I'm going to guess that you are a very new nurse, and very new to the ED. Please discuss with your preceptor, immediately: 1. Why do we insist that those who present with suicidal or homicidal ideation remove all clothing? Hint: it's not about the patient harming him/herself with underwear - it's about what objects can be hidden in clothing that most definitely can harm the patient, you, and anyone else. And do not underestimate the usefulness of seemingly innocuous objects, including underwear, to someone who unfortunately is motivated to do harm. 2. Educational resources for you to review to familiarize yourself with common responses to trauma and stress, and the common sequelae to these destabilizing events. That you appear to have some empathy is positive, but you have an immediate need to develop better boundaries so that you can manage the situation clinically, which is your job. 3. We are all human, and yes we notice where an individual patient falls on the spectrum of features that we personally find attractive. But if you are properly focused on the clinical situation, that notice lasts for approximately 2 seconds. Dwelling on it for any longer than that ... means that your attention is not where it should be. 4. How can you better prepare for your next patient with a psychiatric complaint? What supplies should you gather at the outset - appropriate-sized gown, socks, scrub/pajama pants, urine cup for specimen, etc. - to streamline the process?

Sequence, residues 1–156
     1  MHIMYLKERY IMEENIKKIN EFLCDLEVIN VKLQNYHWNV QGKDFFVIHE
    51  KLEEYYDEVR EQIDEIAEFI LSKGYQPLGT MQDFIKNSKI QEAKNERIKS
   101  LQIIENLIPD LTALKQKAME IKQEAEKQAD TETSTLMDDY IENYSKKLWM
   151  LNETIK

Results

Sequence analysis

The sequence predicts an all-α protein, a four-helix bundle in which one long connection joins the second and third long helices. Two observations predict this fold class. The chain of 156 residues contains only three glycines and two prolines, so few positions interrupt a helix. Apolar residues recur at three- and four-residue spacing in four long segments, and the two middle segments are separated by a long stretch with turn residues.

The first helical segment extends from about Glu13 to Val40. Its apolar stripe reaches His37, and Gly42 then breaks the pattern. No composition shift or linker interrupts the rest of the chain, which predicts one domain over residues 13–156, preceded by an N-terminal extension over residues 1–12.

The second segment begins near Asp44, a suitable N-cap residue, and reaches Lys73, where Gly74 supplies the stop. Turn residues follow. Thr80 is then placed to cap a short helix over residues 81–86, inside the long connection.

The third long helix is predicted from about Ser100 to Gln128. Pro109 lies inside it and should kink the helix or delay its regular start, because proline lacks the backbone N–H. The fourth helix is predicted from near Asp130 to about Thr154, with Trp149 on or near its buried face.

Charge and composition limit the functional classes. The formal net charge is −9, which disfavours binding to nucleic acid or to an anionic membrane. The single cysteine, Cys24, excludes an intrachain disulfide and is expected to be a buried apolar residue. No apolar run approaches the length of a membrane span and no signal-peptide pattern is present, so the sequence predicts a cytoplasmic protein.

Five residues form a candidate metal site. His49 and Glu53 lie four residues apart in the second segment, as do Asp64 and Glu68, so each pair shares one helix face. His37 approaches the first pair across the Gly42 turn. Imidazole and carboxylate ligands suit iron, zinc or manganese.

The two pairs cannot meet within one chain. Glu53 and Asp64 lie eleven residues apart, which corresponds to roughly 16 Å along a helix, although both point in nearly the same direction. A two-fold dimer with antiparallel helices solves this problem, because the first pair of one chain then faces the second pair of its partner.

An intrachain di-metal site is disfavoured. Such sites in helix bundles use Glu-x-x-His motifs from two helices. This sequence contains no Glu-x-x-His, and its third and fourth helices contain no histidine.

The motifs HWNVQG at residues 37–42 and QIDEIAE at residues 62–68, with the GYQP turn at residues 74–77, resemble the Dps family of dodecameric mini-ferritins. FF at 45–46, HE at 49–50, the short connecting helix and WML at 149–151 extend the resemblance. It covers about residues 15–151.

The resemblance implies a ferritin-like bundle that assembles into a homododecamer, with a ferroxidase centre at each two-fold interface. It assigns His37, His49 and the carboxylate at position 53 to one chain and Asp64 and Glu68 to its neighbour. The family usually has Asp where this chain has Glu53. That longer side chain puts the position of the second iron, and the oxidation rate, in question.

10. Altra

    How to Decide

    I agree with Pixie.RN's post -- 200 patients/day in just 14 beds? But putting that aside ... if you are committed to relocation, take the community hospital job.
  11. Altra

    Multiple gtts

    Hopefully your order sets will include titration parameters such as frequency and increment - these are a good starting point. Management of multiple vasoactive gtts requires a solid knowledge of the drugs' pharmacology and your patient's particular patho. Make use of all of your resources during orientation - your preceptor, other nurses, physicians, respiratory therapists, and physicians ... and your hospital's clinical references. Enjoy the learning!
  12. Altra

    How to think like and ER nurse

    A million likes for this excellent post!
  13. Altra

    need help w a short and long term goal

    Some food for thought: think carefully about cause and effect -- if I (patient) do not speak to you, one particular nursing student, does this mean I am developmentally delayed? Try searching your resources for care planning appropriate to a total care patient. What kinds of things do we do for non-ambulatory patients, or patients who cannot perform their own hygiene or other ADL? Then focus on the goals of these interventions, and what evidence would demonstrate the effectiveness of these nursing measures.